The Ustaše had adopted a lot of the old Croatian tradition or folklore; it would have been unusual if these symbols had not been endorsed also by today's Croatian state. Even in Germany, today's national anthem and the name of the currency were used by the Nazis, but no one has ever suggested that this signified that the Federal Republic was associating itself with Nazi tradition.31

More controversial than his use of symbols, however, were Tudjman's speeches, writings, and policies. In this domain, Michael Sells writes that ‘Tudjman refused to acknowledge the full extent of Ustashe persecution of Serbs during World War II’, adding that ‘nationalists associated with Tudjman’ consciously stoked hatreds in order to ignite a war32 – a point argued in detail by Silber and Little.33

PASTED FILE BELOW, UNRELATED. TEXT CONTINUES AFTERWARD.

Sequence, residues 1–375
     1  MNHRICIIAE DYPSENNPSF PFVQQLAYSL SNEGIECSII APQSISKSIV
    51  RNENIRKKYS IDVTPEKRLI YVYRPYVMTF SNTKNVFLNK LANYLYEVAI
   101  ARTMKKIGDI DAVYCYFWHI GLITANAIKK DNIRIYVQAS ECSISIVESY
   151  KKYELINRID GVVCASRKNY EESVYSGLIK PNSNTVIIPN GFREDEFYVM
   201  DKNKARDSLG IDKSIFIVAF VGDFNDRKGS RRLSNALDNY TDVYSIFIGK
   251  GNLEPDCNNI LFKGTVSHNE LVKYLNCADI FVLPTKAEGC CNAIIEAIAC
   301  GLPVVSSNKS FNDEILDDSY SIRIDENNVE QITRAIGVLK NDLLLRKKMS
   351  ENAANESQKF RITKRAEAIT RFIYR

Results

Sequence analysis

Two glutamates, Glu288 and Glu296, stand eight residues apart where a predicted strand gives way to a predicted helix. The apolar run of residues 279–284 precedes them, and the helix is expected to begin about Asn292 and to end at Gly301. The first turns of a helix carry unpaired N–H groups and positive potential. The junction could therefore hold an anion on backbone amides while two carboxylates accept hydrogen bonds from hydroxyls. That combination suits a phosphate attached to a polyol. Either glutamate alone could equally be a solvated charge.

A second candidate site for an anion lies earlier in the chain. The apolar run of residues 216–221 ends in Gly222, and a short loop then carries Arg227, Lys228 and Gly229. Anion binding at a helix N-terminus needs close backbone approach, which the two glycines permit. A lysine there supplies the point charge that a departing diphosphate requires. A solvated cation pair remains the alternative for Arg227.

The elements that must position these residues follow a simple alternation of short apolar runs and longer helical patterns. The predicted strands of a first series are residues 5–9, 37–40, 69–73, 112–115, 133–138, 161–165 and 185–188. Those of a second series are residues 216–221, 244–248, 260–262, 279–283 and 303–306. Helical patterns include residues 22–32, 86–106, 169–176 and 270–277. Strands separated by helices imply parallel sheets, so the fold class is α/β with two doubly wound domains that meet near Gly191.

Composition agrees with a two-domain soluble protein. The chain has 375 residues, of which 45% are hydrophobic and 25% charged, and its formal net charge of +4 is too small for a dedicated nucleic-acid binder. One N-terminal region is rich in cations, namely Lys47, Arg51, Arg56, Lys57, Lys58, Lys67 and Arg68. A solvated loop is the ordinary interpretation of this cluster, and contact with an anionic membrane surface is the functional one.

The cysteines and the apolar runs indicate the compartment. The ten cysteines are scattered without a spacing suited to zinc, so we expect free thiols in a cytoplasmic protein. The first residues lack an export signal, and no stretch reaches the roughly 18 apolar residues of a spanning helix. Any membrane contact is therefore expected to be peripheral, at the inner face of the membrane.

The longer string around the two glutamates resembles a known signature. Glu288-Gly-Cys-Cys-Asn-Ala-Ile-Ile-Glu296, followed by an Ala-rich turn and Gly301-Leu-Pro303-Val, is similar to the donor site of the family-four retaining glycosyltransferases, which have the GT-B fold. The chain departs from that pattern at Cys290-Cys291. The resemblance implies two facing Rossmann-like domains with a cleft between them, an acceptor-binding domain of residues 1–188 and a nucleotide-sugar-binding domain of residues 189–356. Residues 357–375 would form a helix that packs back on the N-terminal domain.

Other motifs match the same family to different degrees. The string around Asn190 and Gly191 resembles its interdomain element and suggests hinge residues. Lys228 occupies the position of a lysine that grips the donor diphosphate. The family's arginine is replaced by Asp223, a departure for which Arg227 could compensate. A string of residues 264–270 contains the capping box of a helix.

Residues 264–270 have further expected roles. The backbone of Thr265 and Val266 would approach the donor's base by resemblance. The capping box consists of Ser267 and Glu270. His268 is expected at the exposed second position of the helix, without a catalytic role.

But Tudjman has had defenders as well as detractors. One of those who has tried to present Tudjman in a favourable light is James J. Sadkovich, who, at this writing, is completing the composition of the first biography in English of the Croatian leader. Admitting that Tudjman proved to be controversial as president, Sadkovich reproves Western academics and journalists who ignored the Croatian leader's ‘respect for formal, procedural democracy’ and notes that Tudjman was among those who, in early 1993, ‘had pressed for the creation of an international court to try war crimes’. 34For Sadkovich, the widespread portrait of Tudjman as a provincial authoritarian is superficial and inaccurate, as is the notion that he was a ‘fascist’ or a ‘radical nationalist’. Rather, says Sadkovich, the Croatian leader should be seen as a somewhat ‘archaic intellectual’ who, if ‘long-winded and old-fashioned’, was nonetheless a ‘Croatian patriot’ attracted to humanism.35 Sadkovich also documents a pervasive tendency of Western reportage to be distinctly unsympathetic to Croats, who were sometimes blamed even when it was Croat villages which were being overrun by the Yugoslav Army and Serb paramilitary forces.